The Cruising Life, by Jim Trefethen, and Cruising Financials - Page 5 - SailNet Community

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  #41  
Old 12-02-2006
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Risk

I read alright, mostly sailing magazines and submarine drawings these days though. I don't have much time for blowhards. All the Gozzards I've seen look pretty similar. You sound pretty familiar, too. But like I always say, what the heck do I know?

To get back on topic, (or maybe just to get on it, since I admit I haven't so far ) the elephant in the room is risk tolerance. Some people have it, most don't. Most people cannot stand the concept of an insecure financial future. They would never consider going cruising without insurance for themselves or for their boat, and they certainly wouldn't do it without some kind of nest egg/pension fund/cottage on the bluff waiting for their comfortable retirement. They dream of cruising long distance and may even do as Jeff H suggested, short duration trips, hopping up and down the coast, maybe participate in a Newport-Bermuda every once in awhile or something similar, but they never manage to cut the ties to shore - there's always the kid's college to think about, or the needy mother-in-law, always something, just gotta make it to 30 years for a pension and retirement medical benefits ... if they just hold on for a couple more years, everything will be perfect. Next thing they know, they're in their 60's and ocean voyaging away from the luxuries to which they've become accustomed doesn't seem so enticing. The wife needs knee surgery, he's got a bad back, and the boats been on stands in their yard for two years.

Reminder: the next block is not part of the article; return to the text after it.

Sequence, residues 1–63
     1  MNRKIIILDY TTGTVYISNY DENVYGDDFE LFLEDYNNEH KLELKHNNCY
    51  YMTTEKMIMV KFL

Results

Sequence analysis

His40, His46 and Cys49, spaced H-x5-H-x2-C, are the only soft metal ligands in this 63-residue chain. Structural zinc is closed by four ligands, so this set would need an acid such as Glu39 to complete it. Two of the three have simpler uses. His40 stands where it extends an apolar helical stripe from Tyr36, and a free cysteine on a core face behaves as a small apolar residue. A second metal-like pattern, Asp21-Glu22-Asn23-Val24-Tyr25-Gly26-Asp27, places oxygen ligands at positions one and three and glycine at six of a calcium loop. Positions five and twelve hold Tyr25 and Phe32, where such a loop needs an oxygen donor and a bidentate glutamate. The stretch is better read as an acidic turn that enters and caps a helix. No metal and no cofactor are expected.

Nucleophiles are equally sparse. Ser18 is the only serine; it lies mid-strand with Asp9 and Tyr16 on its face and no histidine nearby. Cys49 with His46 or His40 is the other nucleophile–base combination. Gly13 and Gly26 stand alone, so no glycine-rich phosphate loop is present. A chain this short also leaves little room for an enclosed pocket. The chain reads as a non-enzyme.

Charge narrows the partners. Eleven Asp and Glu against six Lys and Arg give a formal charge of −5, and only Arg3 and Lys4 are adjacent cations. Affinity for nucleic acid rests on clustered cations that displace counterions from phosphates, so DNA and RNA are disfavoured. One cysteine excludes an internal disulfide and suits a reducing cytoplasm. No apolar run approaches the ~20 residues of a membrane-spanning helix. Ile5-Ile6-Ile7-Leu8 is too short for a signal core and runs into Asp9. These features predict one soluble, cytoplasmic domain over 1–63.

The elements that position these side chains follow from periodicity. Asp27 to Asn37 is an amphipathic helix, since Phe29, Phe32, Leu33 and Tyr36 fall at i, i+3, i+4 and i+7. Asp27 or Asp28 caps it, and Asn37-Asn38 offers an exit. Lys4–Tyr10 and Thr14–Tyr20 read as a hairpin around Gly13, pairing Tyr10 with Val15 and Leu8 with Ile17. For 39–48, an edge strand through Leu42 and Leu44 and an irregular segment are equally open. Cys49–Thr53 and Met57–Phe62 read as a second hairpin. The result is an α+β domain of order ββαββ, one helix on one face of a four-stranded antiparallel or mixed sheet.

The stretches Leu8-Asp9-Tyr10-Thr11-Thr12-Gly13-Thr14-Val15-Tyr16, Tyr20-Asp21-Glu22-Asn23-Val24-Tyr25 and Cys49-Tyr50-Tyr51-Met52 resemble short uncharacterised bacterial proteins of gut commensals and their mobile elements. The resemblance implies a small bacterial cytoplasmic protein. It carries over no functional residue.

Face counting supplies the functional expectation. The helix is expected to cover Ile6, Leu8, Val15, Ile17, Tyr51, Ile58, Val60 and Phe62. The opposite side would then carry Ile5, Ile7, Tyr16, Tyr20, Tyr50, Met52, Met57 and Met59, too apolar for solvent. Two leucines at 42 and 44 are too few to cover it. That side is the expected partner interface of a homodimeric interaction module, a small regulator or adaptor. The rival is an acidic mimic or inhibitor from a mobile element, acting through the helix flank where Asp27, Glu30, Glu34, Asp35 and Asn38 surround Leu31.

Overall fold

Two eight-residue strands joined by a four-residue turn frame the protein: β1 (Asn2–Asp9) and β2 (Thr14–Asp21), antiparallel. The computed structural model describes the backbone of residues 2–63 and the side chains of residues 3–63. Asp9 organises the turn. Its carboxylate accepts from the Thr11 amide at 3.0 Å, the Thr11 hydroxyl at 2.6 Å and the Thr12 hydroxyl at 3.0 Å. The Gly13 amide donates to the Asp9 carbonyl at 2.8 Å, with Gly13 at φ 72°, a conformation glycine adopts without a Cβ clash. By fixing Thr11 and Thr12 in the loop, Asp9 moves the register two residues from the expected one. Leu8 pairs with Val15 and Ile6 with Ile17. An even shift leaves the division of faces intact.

I bought my boat from that guy.

I'm in my mid-thirties, married, one boy aged 8 1/2. I make pretty good money as a technical program manager, and my wife is a teacher. I'm coming up on ten years with my company, and the stock in my 401K has doubled a couple of times since I've been investing in it. The bank, my wife and I own a small house. My cash savings isn't worth mentioning at this point. If I leave my company now, I will give up most of my pension benefits and most of the investment growth in my 401K (since most of it comes from employer matching contributions.)

We're going cruising.